That Boutique-y Rum Company Secret Distillery #1 – Jamaica – Batch 2

We’re back with another ‘secret’ but not so ‘secret’ Jamaican bottling from That Boutique-y Rum Company. I reviewed the initial Batch 1 release here and found it to be a pretty pleasant release, a little different to many of the usual independent ‘secret Jamaican distillery’ releases. So essentially, That Boutique-y Rum Company aim to bring interesting expressions, not categorised by colour or ‘style’ to Rum Geeks, Adventurous Rookies and the Rum Curious. As the consultant at the helm is Peter Holland of The Floating Rumshack fame, expect some belters.

As a quick aside, there may or may not be some information on said ‘Secret Jamaican Distillery’ if you were to click here or here.

But without further ado or fanfare, lets get into this one.

That Boutique-y Rum Company Secret Distillery #1 – Jamaica – Batch 2 – 51.5% abv – Pure Single Rum – 1821 Bottles

If you recall from the previous review of Batch 1, that release was 9 years old and it was matured in both Tropical and Continental climates. You will also recall that it was from the ‘secret’ Worthy Park Distillery. This release is 6 years old and dependent upon bottling was distilled in either 2013 or 2012. The information available tells us that this Rum has entirely Continental maturation…..but for a change, all of those 6 years were spent inside an ex-Sauternes cask. Sauternes being a sweet French desert wine from Bordeaux made from Sémillon, Sauvignon Blanc, and Muscadelle grapes. The grapes used are chosen as they have been affected by Botrytis cinerea, also known as “noble rot“. This has the effect of making the grapes slightly ‘raisined’ which results in a concentrated and quite distinct flavour to the wine. A release of 1821 bottles, mine is number 1468, the Rum will be naturally coloured and will not have been chill filtered. Now Worthy Park is quite unique and recognisable, but what exactly has that 6 years in an ex-Sauternes barrel done to it….

Tasting Notes

Nose: Nice and astringent to start out. Wearing it’s youth on its sleeve. Definitely Jamaican, definitely Worthy Park. Overripe banana, but dialled down. Black tea. A little savoury too…maybe a touch of cured meat. A spicy nose with ginger and a hint of sweet fragrant spice. Ripe Victoria plums. Fresh apple juice. A date like toffee asserts itself alongside sweet maple and pecan pastries. Brazil nuts and raisins. Light molasses providing that sweet / bitter interplay. A hint of oak appears at the back end and brings with it warm spicy fruit loaf. Very appealing.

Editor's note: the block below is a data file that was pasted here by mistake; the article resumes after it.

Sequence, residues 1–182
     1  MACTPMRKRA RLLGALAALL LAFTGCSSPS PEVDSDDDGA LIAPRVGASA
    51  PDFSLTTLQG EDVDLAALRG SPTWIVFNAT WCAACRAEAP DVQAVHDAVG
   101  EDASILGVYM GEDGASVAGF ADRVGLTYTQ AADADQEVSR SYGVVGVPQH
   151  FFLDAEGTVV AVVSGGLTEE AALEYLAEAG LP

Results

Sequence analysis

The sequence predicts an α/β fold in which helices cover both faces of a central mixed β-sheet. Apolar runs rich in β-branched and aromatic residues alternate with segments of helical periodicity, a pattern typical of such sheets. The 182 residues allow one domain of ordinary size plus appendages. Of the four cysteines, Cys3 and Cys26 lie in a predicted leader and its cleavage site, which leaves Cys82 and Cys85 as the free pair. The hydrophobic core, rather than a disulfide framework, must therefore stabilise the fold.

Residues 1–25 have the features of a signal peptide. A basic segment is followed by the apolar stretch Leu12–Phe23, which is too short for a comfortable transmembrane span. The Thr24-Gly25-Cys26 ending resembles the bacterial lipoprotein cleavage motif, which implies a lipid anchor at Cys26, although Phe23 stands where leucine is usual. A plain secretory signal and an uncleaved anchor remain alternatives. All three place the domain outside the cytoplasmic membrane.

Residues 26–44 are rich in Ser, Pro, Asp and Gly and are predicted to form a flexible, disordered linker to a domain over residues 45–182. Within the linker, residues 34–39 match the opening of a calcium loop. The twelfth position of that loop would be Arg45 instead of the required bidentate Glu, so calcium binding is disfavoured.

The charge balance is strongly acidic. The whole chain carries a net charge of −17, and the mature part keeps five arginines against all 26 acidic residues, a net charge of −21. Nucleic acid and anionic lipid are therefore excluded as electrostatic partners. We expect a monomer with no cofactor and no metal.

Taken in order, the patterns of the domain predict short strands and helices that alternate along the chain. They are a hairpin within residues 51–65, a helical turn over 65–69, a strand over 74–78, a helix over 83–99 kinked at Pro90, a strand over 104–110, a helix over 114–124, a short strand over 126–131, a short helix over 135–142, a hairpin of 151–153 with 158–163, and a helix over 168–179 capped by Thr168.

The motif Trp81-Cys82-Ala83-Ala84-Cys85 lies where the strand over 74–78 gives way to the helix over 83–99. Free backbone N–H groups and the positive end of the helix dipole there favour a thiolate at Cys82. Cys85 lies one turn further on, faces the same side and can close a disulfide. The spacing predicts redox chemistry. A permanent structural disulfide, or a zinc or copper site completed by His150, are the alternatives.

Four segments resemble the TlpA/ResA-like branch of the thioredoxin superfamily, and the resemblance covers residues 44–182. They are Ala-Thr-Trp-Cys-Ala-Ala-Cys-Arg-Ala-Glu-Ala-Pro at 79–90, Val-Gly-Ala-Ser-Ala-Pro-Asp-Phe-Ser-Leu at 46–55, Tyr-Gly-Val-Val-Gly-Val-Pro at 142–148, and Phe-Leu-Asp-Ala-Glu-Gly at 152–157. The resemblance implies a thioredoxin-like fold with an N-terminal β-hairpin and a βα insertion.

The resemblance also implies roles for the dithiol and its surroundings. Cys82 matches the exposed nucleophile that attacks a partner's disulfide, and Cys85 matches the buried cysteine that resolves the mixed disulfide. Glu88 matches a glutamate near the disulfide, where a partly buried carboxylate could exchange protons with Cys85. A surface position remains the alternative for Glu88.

Mouth: Nice and lightly sweet entry. Nothing too hot. Nothing too distracting. A very prominent sweet white wine note (well obviously…..Sauternes) but carrying something darker and sweeter… maybe prunes in a sticky toffee pudding. Vanilla ice cream topped with a thick, sticky PX. Raisins raisins raisins. Plump and juicy. Growing oak on the mid palate brings a pleasing dryness that doesn’t dominate in any way, the spike of peppery barrel spice and a hint of molasses bitterness. The dark fruit theme develops with slice of my Auntie Hazel’s fruit loaf straight from the oven with butter on it. Light warmed banana and a spoonful of molasses. Garibaldi biscuits. The medium length finish is the sum of its parts, completing the experience with the return of youthful alcohol vapours at the back end and sweet candied pecans.

4 / 5

Plenty to like, and at times I think that I prefer this to Batch #1……at times I don’t though. Either way, at just shy of £37 its definitely worth picking up.

© Steven James and Rum Diaries Blog 2019. Unauthorized use and/or duplication of this material, both written and photographic without the express and written permission from this blog/sites author and owner is strictly prohibited. Excerpts and links may be used, provided that full and clear credit is given to Steven James and Rum Diaries Blog with appropriate and specific direction to the original content.

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That Boutique-y Rum Company Blended Rum #1 – Jamaica

Back into another Boutique-y Rum Company release. This time it’s a blended Rum comprising entirely Jamaican components. You can read a little about another Boutique-y Rum release and a little about the company itself here. Now that has been said, let’s get into its ribs.